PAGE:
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Simple Circuit Drives, Manages Laser Diode's Output

Jan. 15, 2016
By using a constant-current source along with a ratiometric DAC configuration, the output intensity of a laser diode can be carefully set and controlled using this simple circuit.
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Alan Stummer, University of Toronto

This circuit was designed to meet a medical application’s requirement to drive a laser diode with reasonable precision and a minimum of components and footprint (the device is now in clinical trials). These diodes are prone to short- and long-term drifts due to temperature changes and aging. Since they’re usually driven from a constant-current (CC) source, their optical output power is monitored and the current adjusted due to varying output power.

The assembly's case was grounded, so the CC source is configured for the high-side drive of the laser diode rather than the simpler low side. Furthermore, the current had to be inherently limited to avoid "tattooing" the patient (not good).

In the single-supply +5-V circuit, current-sense/limiting resistor R1 and P-channel FET Q1 are in a source-follower configuration (see figure). As the FET's gate is brought to a less-positive voltage, the drain conducts, which causes a voltage drop across R1 as current flows through the laser. In the worst-case situation when Q1 saturates, the maximum laser current is defined by:

Ilaser = (5V – Vlaser) / (R1 + Rds-sat)  

where Rds-sat = 25 mΩ and Vlaser = 2.0 V

Values for both Rds-sat and Vlaser were taken from the datasheets of Q1 and the laser diode, respectively. The value of R1 is determined by the maximum laser current required (in this case, 250 mA), adjusted by the laser diode's typical forward voltage of 2.0 V as given on the datasheet. Solving for R1 gives:

R1 = (5V - Vlaser) / Ilaser – Rds-sat  = 12 Ω

where Ilaser = 250 mA.

Rds-sat is so low that it can be ignored. With both R1 and the maximum current known, the power in R1 can next be determined by:

P = I2 × R = 0.252 × 12 = 750 mW

so that a resistor rated for 800 mW will provide a small amount of extra margin for safety.

The ratiometric DAC provides the current setpoint. It takes its reference from the +5-V supply, and the DAC output tracks supply fluctuations. In operation, the DAC output is set to the required setpoint. R2 and R3 scale this relative to the supply's nominal +5-V rail.

By using a ratiometric DAC configuration, this constant-current laser-diode drive provides stable setpoint performance and accurate low-current settings.

For example, if the DAC is set to the midscale of value +2.5 V, the voltage between R2 and R3 will be +3.5 V, which is the non-inverting input of op amp IC1. In a negative-feedback loop, IC1 adjusts the gate of Q1 so that current flows through R1, Q1, and the laser diode. When the current through R1 drops the feedback voltage to +3.5 V, the circuit is stable. With a voltage drop of 5 V – 3.5 V = 1.5 V across R1, the current must be 125 mA, or midscale. Similarly, if the DAC is set to minimum, or 0 V, then IC1's noninverting input voltage is +2 V. IC1 will drive Q1 until the voltage drop across R1 is 3 V, corresponding to 250 mA. This is the saturation point, where Q1 is fully on and +5 V, minus the drop across R1, is the laser diode's forward-voltage drop.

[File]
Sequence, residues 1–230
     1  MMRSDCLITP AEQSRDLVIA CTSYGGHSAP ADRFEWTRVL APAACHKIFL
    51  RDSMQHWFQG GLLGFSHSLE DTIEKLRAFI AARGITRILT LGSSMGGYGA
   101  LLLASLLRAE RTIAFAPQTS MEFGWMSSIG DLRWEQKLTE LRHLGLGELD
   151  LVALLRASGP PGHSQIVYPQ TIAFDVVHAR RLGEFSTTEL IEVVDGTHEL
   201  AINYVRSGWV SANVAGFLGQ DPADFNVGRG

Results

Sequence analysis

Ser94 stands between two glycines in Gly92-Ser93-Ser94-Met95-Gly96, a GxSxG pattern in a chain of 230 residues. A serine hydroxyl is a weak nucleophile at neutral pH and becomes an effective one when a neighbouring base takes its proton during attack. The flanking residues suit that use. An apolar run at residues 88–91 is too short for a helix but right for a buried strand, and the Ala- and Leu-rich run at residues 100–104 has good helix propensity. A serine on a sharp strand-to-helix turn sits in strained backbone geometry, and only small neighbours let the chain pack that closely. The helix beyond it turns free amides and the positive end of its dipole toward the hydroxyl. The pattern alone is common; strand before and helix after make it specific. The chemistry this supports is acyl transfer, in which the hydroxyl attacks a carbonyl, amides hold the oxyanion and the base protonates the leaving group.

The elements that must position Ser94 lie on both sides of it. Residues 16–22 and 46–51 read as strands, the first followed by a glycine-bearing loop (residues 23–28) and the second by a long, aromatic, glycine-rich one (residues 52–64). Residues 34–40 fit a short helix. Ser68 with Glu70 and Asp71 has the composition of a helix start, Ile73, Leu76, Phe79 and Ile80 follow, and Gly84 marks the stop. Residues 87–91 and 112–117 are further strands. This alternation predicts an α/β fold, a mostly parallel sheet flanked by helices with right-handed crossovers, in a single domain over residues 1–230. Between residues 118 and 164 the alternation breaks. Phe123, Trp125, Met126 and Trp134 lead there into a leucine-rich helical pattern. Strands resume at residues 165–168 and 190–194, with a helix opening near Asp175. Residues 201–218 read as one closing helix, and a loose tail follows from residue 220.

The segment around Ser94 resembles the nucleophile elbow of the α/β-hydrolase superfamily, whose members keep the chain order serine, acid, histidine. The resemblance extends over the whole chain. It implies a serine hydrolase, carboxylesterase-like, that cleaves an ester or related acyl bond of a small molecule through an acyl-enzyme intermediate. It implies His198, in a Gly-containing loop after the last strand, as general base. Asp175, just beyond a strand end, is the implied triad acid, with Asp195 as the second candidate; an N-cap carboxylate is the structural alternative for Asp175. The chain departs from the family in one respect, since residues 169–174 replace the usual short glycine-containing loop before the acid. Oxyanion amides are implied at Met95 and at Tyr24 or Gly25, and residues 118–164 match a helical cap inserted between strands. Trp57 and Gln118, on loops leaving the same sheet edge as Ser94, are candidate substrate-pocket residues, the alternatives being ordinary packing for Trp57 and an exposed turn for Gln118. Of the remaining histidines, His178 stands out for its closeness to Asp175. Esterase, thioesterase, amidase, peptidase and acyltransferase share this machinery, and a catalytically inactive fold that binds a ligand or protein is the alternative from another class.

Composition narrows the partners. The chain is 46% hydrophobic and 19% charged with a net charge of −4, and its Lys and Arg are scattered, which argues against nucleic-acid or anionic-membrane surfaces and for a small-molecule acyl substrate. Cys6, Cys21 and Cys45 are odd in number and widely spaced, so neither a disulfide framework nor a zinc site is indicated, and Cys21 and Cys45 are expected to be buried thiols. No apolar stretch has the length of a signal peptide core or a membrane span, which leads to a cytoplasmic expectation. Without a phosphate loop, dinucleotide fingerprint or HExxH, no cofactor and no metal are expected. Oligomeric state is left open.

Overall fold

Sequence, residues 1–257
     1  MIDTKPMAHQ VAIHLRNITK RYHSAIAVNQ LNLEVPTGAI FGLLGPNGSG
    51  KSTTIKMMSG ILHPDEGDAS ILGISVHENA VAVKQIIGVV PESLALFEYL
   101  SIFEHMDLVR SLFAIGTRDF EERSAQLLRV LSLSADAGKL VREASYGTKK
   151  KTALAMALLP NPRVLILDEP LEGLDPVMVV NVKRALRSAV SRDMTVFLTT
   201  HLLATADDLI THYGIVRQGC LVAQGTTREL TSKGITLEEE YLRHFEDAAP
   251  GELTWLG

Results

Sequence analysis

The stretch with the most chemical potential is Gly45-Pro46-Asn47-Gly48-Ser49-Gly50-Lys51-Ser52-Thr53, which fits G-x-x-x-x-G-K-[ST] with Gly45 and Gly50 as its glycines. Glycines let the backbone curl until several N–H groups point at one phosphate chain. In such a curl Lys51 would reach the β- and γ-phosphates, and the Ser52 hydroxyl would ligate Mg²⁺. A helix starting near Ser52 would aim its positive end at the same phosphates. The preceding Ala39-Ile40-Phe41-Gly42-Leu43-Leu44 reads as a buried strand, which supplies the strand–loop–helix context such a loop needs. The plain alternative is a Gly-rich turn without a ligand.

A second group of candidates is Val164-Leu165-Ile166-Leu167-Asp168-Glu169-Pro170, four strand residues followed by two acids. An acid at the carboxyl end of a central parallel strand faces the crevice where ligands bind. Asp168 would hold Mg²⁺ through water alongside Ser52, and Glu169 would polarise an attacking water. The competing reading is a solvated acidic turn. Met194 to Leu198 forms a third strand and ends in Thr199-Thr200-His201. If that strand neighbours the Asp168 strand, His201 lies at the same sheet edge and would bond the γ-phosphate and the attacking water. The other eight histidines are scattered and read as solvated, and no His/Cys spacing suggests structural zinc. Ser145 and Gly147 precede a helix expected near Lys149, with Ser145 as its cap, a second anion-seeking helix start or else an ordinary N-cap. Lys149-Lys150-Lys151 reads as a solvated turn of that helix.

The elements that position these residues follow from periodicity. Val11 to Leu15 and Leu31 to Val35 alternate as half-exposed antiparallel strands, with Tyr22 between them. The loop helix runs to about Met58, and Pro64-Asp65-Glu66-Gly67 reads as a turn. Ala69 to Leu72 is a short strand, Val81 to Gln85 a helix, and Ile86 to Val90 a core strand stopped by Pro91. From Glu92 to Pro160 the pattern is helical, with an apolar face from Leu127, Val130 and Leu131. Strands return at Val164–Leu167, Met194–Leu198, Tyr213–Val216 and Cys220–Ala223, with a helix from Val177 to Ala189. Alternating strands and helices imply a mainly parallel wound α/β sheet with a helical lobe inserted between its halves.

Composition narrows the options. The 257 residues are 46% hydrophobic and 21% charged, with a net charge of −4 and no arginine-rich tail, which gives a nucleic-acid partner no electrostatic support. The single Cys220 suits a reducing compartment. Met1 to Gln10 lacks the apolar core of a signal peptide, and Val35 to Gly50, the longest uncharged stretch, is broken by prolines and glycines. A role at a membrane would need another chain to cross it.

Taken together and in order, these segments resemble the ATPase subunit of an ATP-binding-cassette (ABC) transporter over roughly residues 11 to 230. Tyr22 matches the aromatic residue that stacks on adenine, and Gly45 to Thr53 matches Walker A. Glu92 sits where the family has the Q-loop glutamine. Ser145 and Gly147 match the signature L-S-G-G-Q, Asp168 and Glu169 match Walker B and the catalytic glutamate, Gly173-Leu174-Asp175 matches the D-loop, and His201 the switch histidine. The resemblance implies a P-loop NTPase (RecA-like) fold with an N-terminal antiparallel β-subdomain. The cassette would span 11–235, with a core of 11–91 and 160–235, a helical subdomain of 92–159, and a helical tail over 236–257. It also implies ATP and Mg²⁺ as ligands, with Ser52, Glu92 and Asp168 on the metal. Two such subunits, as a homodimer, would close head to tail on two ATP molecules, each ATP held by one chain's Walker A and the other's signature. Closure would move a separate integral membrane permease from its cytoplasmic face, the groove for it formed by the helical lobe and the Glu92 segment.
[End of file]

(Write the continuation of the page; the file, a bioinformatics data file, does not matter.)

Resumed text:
The complete circuit also includes R4 and C1 for loop stability, with rolloff frequency f:

f = 1/(2 π R4 C1) = 159 kHz

One subtlety of providing a setpoint to the non-inverting input of an op amp (as opposed to summing setpoint and feedback) is that the output tends to step with setpoint steps, as the op amp becomes a follower. C2 adds a pole to low-pass filter the setpoint; in this example:

f = 1/((2 π (R2||R3) C2)) = 13.26 kHz

where R2||R3 is 12 kΩ.

By having this setpoint frequency limit always be much lower than the feedback frequency, the op amp can track the slope of the setpoint steps with minimal overshoot on these steps.

R5 provides an offset by ensuring that a small current always flows through R1. When the DAC is set to full scale of +5 V, the op amp will always have slightly more current than requested. Therefore, it will saturate trying to turn off Q1. Without R5, the input offset voltage Vos of the op amp may see a slight false setpoint and turn on Q1 to balance it.

There's a reason to use a ratiometric DAC. If the DAC reference was a fixed voltage, setting of low currents would be nearly impossible. If the DAC was set just below an exact +5 V, then as the real +5-V supply fluctuated up and down slightly, the setpoint would change drastically. Instead, a ratiometric DAC will track the +5-V supply and can provide a stable relative setpoint.

The price of being able to accurately set low currents is an inferior power-supply rejection ratio (PSRR). In this medical application, this CC loop is only part of a larger CP (constant power) loop, which itself does have a good PSRR. Although the parts count would be increased, adding a small point-of-load (POL) regulator would provide a stable, low-noise supply, if required.

Alan Stummer designs and makes custom equipment for the physics research labs at the University of Toronto, Canada. He was previously a telecom RF engineer during the boom years, and before that did equipment design for steel mills, offshore oil, and mining. He can be reached at [email protected].

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